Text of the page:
Take a trip down Nikon lens memory lane from their first lenses for Canon cameras to modern Z mount

Dec 24, 2019

John Aldred

John Aldred is a photographer with over 20 years of experience in the portrait and commercial worlds. He is based in Scotland and has been an early adopter – and occasional beta tester – of almost every digital imaging technology in that time. As well as his creative visual work, John uses 3D printing, electronics and programming to create his own photography and filmmaking tools and consults for a number of brands across the industry.

Take a trip down Nikon lens memory lane from their first lenses for Canon cameras to modern Z mount

Dec 24, 2019

John Aldred

John Aldred is a photographer with over 20 years of experience in the portrait and commercial worlds. He is based in Scotland and has been an early adopter – and occasional beta tester – of almost every digital imaging technology in that time. As well as his creative visual work, John uses 3D printing, electronics and programming to create his own photography and filmmaking tools and consults for a number of brands across the industry.

Join the Discussion

Share on:

YouTube video

Like many people, I haven’t always been the biggest fan of Ken Rockwell over the years. But it’s Christmas Eve, and I’m in a relatively festive mood, so here we go. Ken has put out a video on the history of Nikon lenses that’s actually got some quite interesting information about it. It starts way back at Nikon’s beginnings 100 years and goes right up to the modern Z mount lenses.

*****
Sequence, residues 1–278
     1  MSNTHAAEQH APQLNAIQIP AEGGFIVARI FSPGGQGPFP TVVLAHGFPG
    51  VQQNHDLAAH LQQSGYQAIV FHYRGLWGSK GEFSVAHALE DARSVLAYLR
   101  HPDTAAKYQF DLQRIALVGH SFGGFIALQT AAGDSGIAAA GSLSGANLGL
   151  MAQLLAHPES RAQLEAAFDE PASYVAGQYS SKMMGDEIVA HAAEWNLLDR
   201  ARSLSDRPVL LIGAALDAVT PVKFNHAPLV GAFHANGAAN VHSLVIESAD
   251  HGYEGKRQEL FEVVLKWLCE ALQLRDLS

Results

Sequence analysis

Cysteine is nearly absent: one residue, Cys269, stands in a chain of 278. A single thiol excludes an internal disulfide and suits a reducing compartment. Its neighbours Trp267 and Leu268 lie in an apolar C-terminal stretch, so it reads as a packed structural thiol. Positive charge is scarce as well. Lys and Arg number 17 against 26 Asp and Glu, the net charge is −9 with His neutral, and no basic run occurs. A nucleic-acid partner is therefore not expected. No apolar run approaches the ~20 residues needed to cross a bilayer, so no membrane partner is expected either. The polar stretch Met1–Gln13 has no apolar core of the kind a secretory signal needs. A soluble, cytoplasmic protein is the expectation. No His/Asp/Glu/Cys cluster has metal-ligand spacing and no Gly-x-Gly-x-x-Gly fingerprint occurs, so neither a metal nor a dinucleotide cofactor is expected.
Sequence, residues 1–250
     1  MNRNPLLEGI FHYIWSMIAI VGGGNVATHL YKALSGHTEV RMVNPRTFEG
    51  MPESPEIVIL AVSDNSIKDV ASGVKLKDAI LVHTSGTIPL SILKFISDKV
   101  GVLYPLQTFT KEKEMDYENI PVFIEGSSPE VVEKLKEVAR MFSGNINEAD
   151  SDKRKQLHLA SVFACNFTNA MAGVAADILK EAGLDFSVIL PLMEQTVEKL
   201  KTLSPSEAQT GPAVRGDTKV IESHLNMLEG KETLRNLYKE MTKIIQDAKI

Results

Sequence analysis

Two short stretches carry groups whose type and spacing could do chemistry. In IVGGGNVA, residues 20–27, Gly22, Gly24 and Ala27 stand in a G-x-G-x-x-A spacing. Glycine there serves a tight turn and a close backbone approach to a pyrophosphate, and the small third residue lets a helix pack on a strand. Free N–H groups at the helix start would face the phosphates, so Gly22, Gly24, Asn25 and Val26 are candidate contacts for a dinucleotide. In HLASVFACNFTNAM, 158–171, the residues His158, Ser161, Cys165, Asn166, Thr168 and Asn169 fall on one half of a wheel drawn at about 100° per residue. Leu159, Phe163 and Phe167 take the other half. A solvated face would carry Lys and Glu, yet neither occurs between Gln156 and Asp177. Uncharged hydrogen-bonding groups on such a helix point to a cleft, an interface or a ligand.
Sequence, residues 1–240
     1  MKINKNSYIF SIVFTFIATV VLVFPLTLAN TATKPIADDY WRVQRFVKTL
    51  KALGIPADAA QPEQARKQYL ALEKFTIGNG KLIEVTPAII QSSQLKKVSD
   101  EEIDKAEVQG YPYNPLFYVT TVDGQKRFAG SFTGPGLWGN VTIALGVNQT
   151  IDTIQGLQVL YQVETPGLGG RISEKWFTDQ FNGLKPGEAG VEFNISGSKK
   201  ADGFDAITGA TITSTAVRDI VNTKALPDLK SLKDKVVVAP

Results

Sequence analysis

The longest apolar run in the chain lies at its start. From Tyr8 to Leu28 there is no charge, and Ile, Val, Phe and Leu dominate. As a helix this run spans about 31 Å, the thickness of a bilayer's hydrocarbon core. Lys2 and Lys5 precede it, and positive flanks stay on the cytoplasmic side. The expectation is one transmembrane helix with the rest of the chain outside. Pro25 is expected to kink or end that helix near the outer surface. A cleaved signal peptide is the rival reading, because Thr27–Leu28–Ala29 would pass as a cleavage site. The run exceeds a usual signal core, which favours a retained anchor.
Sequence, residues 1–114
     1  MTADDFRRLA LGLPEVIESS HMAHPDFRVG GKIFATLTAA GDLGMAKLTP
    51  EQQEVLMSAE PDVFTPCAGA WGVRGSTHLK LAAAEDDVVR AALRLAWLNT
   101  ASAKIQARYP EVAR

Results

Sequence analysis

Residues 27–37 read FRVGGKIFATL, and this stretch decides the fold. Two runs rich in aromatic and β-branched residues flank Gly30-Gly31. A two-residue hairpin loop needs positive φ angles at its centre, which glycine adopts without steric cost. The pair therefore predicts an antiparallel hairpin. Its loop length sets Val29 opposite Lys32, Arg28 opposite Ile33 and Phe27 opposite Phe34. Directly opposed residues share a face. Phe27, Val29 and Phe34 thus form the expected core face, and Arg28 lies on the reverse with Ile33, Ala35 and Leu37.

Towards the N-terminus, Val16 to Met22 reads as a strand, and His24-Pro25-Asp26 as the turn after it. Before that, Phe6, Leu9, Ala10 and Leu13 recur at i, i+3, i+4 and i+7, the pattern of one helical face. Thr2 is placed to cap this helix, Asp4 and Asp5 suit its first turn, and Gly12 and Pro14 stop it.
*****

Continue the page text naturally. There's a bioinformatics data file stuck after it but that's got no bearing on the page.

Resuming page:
Nikon was originally formed in 1917 when three leading optical manufacturers of the time merged together to form a fully integrated company known as Nippon Kōgaku Tōkyō K.K. Over the next sixty years, they grew to become a manufacturer of optical lenses for cameras, microscopes, binoculars and inspection equipment. They even made the first lenses for Canon cameras.

In the video, Ken goes through the history of Nikon’s lens mounts from the Nikon SP, the F series and F mount, the AF, D, G lenses, and finally gets onto Nikon’s latest Z mount lenses, with some history on the lens designations. It’s a fairly comprehensive look at Nikon’s history with lenses, although you’ll probably want to fact check a few bits independently.

I’ve always been a fan of Nikon’s F mount, personally, mostly as it allows me to use many of the same lenses with both my fifty+ year old film bodies and my modern DSLRs. It’s nice not having to duplicate kit if you don’t have to.

As I said, I’ve never really been the biggest fan of Ken Rockwell and he definitely posts some… questionable content occasionally. Ok, maybe more than occasionally. But if you can sift through the hyperbolic fluff, there are some interesting bits of info in the above video.

What’s your favourite Nikon lens?

Filed Under:

Tagged With:

Find this interesting? Share it with your friends!

John Aldred

John Aldred

John Aldred is a photographer with over 20 years of experience in the portrait and commercial worlds. He is based in Scotland and has been an early adopter – and occasional beta tester – of almost every digital imaging technology in that time. As well as his creative visual work, John uses 3D printing, electronics and programming to create his own photography and filmmaking tools and consults for a number of brands across the industry.

Join the Discussion

DIYP Comment Policy
Be nice, be on-topic, no personal information or flames.

Leave a Reply

Your email address will not be published. Required fields are marked *

4 responses to “Take a trip down Nikon lens memory lane from their first lenses for Canon cameras to modern Z mount”

  1. Adrian J Nyaoi Avatar
    Adrian J Nyaoi

    This Ken is way better that the other one fat one with tattoo and alwsy angery.

    1. Marko Avatar
      Marko

      More like tattoos…plural :-)

  2. Antony Cousens Avatar
    Antony Cousens

    Is he sucking a sweet or something? Couldn’t get past a couple of min with that swallowing thing he keeps doing.

  3. Todd Decker Avatar
    Todd Decker

    50mm f/1.4